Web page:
A newly published systematic review of systematic reviews tells us what we’ve known. Acupuncture doesn’t work for chronic pain.
The Oregon Health Authority is on the verge of passing a radical policy that would require chronic pain patients receiving Medicaid to have their opioids tapered to zero while covering “nonpharmacologic treatments for pain” that include primarily acupuncture, chiropractic, massage therapy, and other “alternative” treatments. Not surprisingly, the Oregon Chronic Pain Task Force, which is responsible for this proposed infliction of quackery on the most vulnerable, has three acupuncturists and a chiropractor sitting on it.
Chiropractors and acupuncturists have lobbied for a greater role in treating pain. They might well have won it. Last week, the FDA released proposed changes Wednesday to its blueprint on educating health care providers about treating pain, which now recommend that doctors learn about chiropractic care and acupuncture as therapies that might help patients avoid opioids. There’s still time to stop this, but you have to write the FDA.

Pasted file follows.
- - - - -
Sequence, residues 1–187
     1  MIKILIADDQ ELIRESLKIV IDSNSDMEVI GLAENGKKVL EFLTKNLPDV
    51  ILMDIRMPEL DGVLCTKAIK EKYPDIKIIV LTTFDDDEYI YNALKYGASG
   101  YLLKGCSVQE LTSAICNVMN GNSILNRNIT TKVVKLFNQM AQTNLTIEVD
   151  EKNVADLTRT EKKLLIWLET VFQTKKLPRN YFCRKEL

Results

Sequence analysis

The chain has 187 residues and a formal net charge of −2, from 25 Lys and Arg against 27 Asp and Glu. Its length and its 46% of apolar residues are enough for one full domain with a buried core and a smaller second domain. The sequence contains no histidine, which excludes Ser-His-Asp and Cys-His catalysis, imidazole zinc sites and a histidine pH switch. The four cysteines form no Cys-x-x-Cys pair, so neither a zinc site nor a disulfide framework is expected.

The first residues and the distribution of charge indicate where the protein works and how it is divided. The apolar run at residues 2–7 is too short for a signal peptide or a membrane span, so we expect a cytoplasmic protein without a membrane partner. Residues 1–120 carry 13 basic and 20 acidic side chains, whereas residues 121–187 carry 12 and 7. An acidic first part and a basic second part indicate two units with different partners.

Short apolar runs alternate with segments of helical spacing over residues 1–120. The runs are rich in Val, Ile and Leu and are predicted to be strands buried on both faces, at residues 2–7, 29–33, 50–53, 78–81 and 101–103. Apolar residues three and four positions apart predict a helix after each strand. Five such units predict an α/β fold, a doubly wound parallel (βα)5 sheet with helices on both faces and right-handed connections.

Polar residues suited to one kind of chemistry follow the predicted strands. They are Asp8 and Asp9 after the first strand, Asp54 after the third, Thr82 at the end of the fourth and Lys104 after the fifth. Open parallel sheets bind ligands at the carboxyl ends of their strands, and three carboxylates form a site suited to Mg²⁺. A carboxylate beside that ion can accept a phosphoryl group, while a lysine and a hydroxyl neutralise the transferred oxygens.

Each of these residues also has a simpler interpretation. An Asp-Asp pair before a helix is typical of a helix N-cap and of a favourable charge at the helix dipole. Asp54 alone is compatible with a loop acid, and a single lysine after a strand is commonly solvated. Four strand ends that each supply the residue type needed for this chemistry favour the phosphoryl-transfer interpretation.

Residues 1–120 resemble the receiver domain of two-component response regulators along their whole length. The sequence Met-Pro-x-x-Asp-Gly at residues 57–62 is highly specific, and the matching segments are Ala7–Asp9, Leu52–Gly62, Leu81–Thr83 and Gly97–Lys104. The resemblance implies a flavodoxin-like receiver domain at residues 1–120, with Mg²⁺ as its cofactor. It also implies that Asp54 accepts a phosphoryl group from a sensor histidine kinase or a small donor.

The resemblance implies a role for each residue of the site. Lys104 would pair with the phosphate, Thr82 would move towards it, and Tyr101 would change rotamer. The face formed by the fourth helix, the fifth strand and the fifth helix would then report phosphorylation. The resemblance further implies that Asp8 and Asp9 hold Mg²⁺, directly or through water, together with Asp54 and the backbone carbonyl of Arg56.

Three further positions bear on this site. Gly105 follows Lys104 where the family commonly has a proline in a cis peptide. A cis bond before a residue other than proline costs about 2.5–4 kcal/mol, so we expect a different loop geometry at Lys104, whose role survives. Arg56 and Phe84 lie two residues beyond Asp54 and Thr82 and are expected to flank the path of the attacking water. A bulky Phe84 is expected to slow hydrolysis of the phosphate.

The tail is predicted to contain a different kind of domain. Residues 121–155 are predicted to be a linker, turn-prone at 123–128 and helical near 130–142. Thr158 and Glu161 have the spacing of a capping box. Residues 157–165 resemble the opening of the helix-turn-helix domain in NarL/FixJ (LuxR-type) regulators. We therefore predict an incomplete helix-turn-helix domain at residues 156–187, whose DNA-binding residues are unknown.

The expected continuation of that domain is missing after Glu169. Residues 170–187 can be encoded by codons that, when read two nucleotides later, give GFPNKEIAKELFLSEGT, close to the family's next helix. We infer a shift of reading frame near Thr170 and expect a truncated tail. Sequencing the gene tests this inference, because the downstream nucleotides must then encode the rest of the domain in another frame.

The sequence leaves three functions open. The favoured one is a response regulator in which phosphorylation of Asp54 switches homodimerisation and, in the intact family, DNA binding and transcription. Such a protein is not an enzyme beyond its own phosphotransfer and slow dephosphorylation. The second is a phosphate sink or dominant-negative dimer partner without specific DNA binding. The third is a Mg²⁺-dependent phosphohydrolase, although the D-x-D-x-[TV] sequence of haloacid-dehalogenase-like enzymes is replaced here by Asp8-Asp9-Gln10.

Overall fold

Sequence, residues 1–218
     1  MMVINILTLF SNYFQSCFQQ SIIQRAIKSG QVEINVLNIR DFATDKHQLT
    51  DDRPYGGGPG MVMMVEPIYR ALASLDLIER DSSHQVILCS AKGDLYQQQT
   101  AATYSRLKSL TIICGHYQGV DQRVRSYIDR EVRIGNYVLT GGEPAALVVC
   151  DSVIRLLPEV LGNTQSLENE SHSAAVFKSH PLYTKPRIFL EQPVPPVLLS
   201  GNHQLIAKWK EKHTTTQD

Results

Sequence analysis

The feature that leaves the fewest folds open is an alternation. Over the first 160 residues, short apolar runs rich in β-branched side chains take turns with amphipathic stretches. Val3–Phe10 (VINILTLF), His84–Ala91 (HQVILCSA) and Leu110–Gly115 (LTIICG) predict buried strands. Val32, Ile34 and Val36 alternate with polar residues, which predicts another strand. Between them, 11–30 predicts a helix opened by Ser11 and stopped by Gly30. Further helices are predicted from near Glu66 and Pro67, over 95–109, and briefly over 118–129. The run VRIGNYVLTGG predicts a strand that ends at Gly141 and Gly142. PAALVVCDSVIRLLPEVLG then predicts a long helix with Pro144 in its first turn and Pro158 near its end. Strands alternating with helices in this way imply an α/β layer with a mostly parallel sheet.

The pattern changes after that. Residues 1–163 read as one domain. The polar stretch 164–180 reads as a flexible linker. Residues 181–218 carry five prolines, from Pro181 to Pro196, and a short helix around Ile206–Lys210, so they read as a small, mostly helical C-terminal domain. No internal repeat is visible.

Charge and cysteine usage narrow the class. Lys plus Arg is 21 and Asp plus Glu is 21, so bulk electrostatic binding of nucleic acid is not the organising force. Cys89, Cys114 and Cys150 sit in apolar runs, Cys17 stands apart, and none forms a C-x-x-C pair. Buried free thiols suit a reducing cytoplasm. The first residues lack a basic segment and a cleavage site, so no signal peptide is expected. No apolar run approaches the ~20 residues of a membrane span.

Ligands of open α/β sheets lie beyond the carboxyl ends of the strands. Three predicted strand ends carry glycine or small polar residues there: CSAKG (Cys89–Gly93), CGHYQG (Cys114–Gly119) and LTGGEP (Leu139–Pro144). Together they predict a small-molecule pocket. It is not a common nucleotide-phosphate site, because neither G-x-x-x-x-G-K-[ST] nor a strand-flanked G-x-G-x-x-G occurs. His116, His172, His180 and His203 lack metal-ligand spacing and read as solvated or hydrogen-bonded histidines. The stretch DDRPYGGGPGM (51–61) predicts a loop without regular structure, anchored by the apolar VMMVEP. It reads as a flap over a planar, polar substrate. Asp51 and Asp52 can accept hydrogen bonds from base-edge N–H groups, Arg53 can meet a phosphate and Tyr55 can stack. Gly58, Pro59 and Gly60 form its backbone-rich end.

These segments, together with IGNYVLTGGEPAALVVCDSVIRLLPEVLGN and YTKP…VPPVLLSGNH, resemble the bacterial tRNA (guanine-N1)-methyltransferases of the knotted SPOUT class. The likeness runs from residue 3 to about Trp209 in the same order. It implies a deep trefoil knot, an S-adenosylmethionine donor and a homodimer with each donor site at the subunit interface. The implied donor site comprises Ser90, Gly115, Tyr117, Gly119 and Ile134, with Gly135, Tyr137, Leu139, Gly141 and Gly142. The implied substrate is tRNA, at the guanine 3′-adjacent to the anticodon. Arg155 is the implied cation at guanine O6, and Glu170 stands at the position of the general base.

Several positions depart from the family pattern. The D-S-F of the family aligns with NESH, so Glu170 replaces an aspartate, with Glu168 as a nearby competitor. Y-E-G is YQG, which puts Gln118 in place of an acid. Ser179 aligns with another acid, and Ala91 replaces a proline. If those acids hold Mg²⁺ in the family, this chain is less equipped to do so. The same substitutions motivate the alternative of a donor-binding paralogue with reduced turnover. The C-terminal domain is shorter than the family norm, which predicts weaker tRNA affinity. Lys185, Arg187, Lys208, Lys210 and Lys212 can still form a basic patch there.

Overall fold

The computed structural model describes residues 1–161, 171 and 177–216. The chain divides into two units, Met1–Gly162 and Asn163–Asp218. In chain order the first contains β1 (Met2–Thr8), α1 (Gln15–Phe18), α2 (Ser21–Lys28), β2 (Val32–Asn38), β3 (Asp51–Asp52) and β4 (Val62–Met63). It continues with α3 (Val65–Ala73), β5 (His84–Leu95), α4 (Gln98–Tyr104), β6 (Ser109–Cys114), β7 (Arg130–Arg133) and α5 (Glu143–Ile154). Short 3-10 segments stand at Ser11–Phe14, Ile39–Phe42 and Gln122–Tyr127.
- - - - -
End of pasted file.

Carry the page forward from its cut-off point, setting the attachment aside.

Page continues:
I don’t know if other bloggers out there have experienced anything like this, but I’ve experienced this a few times since starting this blog. Last night I started writing about an article that—or so I thought— was the perfect distillation of the message of the NCCIH and its desire to co-opt nonpharmacological treatments for pain […]
That I’m not a fan of the National Center for Complementary and Integrative Health (NCCIH, formerly known as the National Center for Complementary and Alternative Medicine, or NCCAM) should come as no surprise to anyone. Basically, from its very inception as the Office of Alternative Medicine in the early 1990s to its growth to large […]